Amazon Key In-Car: Package Delivery Straight to Your Truck
Transportation and Commerce Collide for Remarkable Innovation
We can probably all confess to being avid Amazon customers, whipping up orders from our phones more often than we’d like to admit. Birthday party supplies, truck parts, household items, gifts—if you need it, Amazon seems to have it and can put it in your hands in a matter of hours. From the comfort of your home, you can be a profoundly thoughtful shopper and excellent spouse, without the inconvenience of interacting with society.
The only downside seems to be the stress of potential package theft. It’s a real problem, even for safe neighborhoods or homes with doorstep cameras. Shady characters are drawn to unmanned packages like toddlers are enticed by ice cream with sprinkles. They just can’t keep their grubby hands away. There’s always that tense moment when returning home and knowing a package should be waiting on the doorstep. Sometimes the deliveryman throws a curveball by hiding it in a planter or putting it over a fence. Other times, you are not so lucky, and the package is gone.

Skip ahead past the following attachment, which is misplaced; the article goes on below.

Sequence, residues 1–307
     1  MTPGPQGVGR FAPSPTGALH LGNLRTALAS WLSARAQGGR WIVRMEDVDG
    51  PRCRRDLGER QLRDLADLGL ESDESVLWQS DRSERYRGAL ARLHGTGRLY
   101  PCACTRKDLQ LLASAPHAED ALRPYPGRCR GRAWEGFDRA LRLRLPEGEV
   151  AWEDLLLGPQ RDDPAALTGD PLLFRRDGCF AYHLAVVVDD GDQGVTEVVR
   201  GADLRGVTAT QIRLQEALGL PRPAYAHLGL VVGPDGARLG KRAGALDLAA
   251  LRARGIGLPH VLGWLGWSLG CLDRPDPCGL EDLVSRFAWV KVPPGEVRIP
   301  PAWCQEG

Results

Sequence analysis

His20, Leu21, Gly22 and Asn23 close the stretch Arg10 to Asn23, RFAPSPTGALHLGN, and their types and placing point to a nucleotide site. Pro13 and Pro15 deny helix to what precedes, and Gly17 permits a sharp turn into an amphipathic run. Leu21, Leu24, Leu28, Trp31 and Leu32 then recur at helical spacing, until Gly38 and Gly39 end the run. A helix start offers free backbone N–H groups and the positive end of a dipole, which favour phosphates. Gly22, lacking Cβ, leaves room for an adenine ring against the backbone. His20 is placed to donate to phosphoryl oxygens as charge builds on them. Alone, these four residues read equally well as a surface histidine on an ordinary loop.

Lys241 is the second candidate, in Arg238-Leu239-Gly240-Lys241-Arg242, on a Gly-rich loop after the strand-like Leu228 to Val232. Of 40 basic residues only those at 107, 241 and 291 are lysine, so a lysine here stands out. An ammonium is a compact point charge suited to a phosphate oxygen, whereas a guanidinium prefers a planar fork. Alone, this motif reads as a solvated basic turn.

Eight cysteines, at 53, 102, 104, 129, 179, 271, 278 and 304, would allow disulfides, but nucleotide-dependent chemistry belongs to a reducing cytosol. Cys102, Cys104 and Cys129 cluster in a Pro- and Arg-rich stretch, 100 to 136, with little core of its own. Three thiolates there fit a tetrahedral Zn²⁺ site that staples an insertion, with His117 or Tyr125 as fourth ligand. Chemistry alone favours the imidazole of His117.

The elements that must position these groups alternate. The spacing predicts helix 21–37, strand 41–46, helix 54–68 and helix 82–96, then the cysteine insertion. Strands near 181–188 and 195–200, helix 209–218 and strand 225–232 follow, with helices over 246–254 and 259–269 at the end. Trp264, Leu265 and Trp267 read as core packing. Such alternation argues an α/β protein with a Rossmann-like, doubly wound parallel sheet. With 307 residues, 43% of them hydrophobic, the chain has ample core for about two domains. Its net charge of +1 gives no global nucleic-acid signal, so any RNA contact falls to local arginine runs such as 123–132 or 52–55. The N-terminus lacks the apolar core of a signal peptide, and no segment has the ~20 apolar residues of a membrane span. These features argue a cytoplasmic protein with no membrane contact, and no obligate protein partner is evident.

Here’s how it works. Amazon Prime members can download the Amazon Key App at no charge. After linking to their connected vehicle’s service account with their Amazon account, ordering can commence and in-car deliveries can begin. It’s pretty simple, but of course, there are some commonsense caveats. First, applicable vehicles include 2015-and-newer Chevrolets, Buicks, GMCs, Cadillacs, and Volvos that have connected OnStar or Volvo On Call service plans. Support for more vehicles will be added over time. Second, vehicles have to be stationary and parked in publicly accessible areas that are within two blocks of the delivery address. Third, Amazon won’t find your truck anywhere on the planet, yet—it’s available in 37 cities and surrounding areas across the United States, with more locations coming.
Worried about the security of the process in general? There’s probably no need to be; the whole delivery process is tracked and includes real-time notifications. The delivery guy or gal never has a special code or key to your vehicle, as the unlocking and locking is all handled through an encrypted authentication process that verifies that the right driver is at the right vehicle with the right package. (You aren’t responsible for unlocking when the package arrives or locking after the delivery.) Plus, he’s more trustworthy than the doorstep package thief, and it’s doubtful he wants your empty coffee cups or half-eaten bags of Cheetos. And he probably values his job more than anything in your truck.